Tuesday 19 November 2019

The Internals of AppLocker - Part 3 - Access Tokens and Access Checking

This is part 3 in a short series on the internals of AppLocker (AL). Part 1 is here, part 2 here and part 4 here.

In the last part I outlined how process creation is blocked with AL. I crucially left out exactly how the rules are processed to determine if a particular user was allowed to create a process. As it makes more sense to do so, we're going to go in reverse order from how the process was described in the last post. Let's start with talking about the access check implemented by SrppAccessCheck.

Access Checking and Security Descriptors

For all intents the SrppAccessCheck function is just a wrapper around a specially exported kernel API SeSrpAccessCheck. While the API has a few unusual features for this discussion might as well assume it to be the normal SeAccessCheck API. 

A Windows access check takes 4 main parameters:
  • SECURITY_SUBJECT_CONTEXT which identifies the caller's access tokens.
  • A desired access mask.
  • A GENERIC_MAPPING structure which allows the access check to convert generic access to object specific access rights.
  • And most importantly, the Security Descriptor which describes the security of the resource being checked.
Let's look at some code.

NTSTATUS SrpAccessCheckCommon(HANDLE TokenHandle, BYTE* Policy) {
    ObReferenceObjectByHandle(TokenHandle, &Subject.PrimaryToken);
    DWORD SecurityOffset = *((DWORD*)Policy+4)
    PSECURITY_DESCRIPTOR SD = Policy + SecurityOffset;
    NTSTATUS AccessStatus;
    if (!SeSrpAccessCheck(&Subject, FILE_EXECUTE
                          SD, &AccessStatus) &&
        AccessStatus == STATUS_ACCESS_DENIED) {
    return AccessStatus;

The code isn't very complex, first it builds a SECURITY_SUBJECT_CONTEXT structure manually from the access token passed in as a handle. It uses a policy pointer passed in to find the security descriptor it wants to use for the check. Finally a call is made to SeSrpAccessCheck requesting file execute access. If the check fails with an access denied error it gets converted to the AL specific policy error, otherwise any other success or failure is returned.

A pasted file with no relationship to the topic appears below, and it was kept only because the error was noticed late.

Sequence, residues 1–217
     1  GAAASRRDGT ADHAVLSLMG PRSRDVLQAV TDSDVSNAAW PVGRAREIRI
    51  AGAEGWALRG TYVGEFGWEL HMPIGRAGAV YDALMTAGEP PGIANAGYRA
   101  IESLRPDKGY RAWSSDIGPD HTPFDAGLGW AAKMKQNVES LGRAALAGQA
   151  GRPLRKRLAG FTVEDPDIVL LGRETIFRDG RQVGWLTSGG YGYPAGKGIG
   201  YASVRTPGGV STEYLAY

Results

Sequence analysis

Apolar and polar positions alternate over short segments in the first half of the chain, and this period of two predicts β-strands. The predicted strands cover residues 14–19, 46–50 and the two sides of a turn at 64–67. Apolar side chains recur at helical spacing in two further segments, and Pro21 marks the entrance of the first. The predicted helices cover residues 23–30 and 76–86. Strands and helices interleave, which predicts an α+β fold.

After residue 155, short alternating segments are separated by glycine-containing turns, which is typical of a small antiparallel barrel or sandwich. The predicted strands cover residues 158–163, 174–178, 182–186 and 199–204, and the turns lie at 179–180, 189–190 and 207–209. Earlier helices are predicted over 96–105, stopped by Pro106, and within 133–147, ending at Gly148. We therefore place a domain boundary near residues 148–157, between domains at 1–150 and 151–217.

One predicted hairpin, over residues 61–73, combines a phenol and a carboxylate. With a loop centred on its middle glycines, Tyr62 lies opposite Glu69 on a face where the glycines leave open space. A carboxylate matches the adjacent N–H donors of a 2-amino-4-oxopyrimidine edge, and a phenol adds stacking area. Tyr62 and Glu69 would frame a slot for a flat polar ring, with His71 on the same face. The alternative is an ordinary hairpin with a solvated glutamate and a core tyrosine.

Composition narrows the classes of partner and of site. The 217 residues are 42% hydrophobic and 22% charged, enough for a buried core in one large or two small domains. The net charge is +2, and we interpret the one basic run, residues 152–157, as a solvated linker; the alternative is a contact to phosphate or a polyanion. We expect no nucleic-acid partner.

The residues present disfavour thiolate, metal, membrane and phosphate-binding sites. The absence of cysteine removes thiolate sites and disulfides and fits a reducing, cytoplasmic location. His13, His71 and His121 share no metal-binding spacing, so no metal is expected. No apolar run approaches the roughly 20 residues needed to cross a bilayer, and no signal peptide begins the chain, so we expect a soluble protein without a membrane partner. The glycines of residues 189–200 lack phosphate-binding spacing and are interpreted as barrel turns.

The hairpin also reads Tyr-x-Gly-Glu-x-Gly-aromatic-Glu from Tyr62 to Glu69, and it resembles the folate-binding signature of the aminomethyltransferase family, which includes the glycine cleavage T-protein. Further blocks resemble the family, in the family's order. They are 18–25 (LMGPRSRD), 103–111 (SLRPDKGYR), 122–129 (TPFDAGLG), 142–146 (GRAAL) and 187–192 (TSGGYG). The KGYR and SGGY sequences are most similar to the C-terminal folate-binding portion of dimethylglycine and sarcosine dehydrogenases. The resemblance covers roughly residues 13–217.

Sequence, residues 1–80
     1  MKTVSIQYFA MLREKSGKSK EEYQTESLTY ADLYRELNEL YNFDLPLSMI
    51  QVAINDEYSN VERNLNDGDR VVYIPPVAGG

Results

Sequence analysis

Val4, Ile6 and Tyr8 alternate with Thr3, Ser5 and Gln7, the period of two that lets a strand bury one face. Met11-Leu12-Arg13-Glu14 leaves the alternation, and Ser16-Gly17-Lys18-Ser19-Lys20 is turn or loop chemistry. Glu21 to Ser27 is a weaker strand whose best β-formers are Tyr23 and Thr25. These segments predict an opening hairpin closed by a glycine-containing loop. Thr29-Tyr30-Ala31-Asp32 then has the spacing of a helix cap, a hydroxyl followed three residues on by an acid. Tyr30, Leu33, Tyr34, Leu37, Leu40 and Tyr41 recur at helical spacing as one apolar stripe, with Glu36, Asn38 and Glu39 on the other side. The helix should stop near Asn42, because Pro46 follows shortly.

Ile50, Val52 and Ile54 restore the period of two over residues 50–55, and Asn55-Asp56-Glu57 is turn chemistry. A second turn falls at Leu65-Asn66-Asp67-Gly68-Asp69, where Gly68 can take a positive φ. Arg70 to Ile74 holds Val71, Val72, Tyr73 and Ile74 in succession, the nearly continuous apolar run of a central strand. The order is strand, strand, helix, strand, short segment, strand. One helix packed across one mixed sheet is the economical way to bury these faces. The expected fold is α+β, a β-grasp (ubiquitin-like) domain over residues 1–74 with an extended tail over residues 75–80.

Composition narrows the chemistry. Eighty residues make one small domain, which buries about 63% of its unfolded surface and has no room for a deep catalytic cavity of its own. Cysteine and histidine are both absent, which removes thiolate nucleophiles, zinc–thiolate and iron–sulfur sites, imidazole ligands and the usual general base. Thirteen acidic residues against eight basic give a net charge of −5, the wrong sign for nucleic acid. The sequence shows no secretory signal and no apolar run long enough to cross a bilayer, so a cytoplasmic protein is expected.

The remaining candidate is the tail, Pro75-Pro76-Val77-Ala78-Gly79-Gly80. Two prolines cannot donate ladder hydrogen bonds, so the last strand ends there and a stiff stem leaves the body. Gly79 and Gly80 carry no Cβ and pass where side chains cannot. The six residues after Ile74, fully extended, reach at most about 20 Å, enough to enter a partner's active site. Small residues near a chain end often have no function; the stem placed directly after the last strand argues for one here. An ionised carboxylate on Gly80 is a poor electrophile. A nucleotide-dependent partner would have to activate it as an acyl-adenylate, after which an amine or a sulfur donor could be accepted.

The only thing we don't really know in this process is what the Policy value is and therefore what the security descriptor is. We could trace through the code to find how the Policy value is set , but sometimes it's just easier to breakpoint on the function of interest in a kernel debugger and dump the pointed at memory. Taking the debugging approach shows the following:

WinDBG window showing the hex output of the policy pointer which shows the on-disk policy.

Well, what do we have here? We've seen those first 4 characters before, it's the magic signature of the on-disk policy files from part 1. SeSrpAccessCheck is extracting a value from offset 16, which is used as an offset into the same buffer to get the security descriptor. Maybe the policy files already contain the security descriptor we seek? Writing some quick PowerShell I ran it on the Exe.AppLocker policy file to see the result:

PowerShell console showing the security output by the script from Exe.Applocker policy file.

Success, the security descriptor is already compiled into the policy file! The following script defines two functions, Get-AppLockerSecurityDescriptor and Format-AppLockerSecurityDescriptor. Both take a policy file as input and returns either a security descriptor object or formatted representation:

If we run Format-AppLockerSecurityDescriptor on the Exe.Applocker file we get the following output for the DACL (trimmed for brevity):

 - Type  : AllowedCallback
 - Name  : Everyone
 - Access: Execute|ReadAttributes|ReadControl|Synchronize
 - Condition: APPID://PATH Contains "%WINDIR%\*"

 - Type  : AllowedCallback
 - Name  : BUILTIN\Administrators
 - Access: Execute|ReadAttributes|ReadControl|Synchronize
 - Condition: APPID://PATH Contains "*"

 - Type  : AllowedCallback
 - Name  : Everyone
 - Access: Execute|ReadAttributes|ReadControl|Synchronize
 - Condition: APPID://PATH Contains "%PROGRAMFILES%\*"

 - Type  : Allowed
 - Access: Execute|ReadAttributes|ReadControl|Synchronize